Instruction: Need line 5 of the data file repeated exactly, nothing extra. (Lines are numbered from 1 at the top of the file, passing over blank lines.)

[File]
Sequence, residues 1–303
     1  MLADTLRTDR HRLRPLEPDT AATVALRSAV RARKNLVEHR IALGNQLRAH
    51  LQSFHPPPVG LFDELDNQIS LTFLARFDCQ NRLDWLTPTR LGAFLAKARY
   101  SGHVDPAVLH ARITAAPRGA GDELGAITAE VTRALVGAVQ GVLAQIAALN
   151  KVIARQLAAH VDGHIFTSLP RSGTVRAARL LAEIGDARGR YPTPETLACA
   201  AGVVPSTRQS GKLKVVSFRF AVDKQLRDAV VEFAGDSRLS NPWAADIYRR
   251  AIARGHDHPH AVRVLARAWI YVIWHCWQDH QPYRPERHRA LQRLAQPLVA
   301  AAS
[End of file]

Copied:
   151  KVIARQLAAH VDGHIFTSLP RSGTVRAARL LAEIGDARGR YPTPETLACA